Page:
We introduce LifeQA, a benchmark dataset for video question answering that focuses on day-to-day real-life situations. Current video question answering datasets consist of movies and TV shows. However, it is well-known that these visual domains are not representative of our day-to-day lives. Movies and TV shows, for example, benefit from professional camera movements, clean editing, crisp audio recordings, and scripted dialog between professional actors. While these domains provide a large amount of data for training models, their properties make them unsuitable for testing real-life question answering systems. Our dataset, by contrast, consists of video clips that represent only real-life scenarios. We collect 275 such video clips and over 2.3k multiple-choice questions. In this paper, we analyze the challenging but realistic aspects of LifeQA, and we apply several state-of-the-art video question answering models to provide benchmarks for future research. The full dataset is publicly available at

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HAHA 2019 Dataset: A Corpus for Humor Analysis in Spanish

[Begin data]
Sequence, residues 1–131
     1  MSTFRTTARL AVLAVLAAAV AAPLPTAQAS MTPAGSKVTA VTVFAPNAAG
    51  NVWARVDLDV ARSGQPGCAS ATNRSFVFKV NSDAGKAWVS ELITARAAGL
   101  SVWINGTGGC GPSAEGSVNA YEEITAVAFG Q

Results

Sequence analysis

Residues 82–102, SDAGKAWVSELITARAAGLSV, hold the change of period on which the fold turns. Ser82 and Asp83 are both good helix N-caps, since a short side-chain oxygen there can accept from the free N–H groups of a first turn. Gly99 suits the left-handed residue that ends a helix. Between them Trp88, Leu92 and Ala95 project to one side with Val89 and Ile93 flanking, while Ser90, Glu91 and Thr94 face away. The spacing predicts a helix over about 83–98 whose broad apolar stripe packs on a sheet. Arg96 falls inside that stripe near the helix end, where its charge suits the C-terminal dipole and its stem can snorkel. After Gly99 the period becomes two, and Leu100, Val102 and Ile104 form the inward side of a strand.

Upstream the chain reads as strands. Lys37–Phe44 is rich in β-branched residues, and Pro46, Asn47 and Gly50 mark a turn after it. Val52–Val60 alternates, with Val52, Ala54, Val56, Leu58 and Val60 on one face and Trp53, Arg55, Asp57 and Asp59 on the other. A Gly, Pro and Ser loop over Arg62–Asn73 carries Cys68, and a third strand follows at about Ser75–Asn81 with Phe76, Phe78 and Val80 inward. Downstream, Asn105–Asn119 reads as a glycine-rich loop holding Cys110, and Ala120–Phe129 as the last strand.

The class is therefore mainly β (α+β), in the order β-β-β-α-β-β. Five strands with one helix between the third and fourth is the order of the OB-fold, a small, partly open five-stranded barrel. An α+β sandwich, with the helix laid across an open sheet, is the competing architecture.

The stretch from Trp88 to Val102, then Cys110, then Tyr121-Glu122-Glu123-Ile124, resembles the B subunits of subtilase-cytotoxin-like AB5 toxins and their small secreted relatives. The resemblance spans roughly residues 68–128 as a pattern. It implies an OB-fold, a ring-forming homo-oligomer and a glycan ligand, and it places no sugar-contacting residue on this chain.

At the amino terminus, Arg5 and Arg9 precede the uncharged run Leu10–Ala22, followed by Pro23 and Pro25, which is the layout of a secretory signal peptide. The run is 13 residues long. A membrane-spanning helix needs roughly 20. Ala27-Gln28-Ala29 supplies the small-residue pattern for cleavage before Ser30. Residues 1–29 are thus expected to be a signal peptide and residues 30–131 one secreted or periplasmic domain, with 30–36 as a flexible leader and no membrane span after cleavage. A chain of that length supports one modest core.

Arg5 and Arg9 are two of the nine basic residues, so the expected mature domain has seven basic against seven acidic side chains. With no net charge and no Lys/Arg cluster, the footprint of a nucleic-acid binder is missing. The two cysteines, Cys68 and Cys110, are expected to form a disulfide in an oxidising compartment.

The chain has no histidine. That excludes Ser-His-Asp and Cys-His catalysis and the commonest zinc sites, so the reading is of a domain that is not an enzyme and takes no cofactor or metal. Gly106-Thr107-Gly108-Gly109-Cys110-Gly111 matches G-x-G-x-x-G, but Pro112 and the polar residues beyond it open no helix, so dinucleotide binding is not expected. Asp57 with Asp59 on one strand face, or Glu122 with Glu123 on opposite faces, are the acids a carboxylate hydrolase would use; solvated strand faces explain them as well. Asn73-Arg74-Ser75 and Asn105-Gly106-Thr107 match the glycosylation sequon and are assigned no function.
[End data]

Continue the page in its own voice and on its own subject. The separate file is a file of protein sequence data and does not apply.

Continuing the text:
Luis Chiruzzo | Santiago Castro | Aiala Rosá
Proceedings of the Twelfth Language Resources and Evaluation Conference

This paper presents the development of a corpus of 30,000 Spanish tweets that were crowd-annotated with humor value and funniness score. The corpus contains approximately 38.6% of humorous tweets with an average score of 2.04 in a scale from 1 to 5 for the humorous tweets. The corpus has been used in an automatic humor recognition and analysis competition, obtaining encouraging results from the participants.


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Towards Multimodal Sarcasm Detection (An _Obviously_ Perfect Paper)
Santiago Castro | Devamanyu Hazarika | Verónica Pérez-Rosas | Roger Zimmermann | Rada Mihalcea | Soujanya Poria
Proceedings of the 57th Annual Meeting of the Association for Computational Linguistics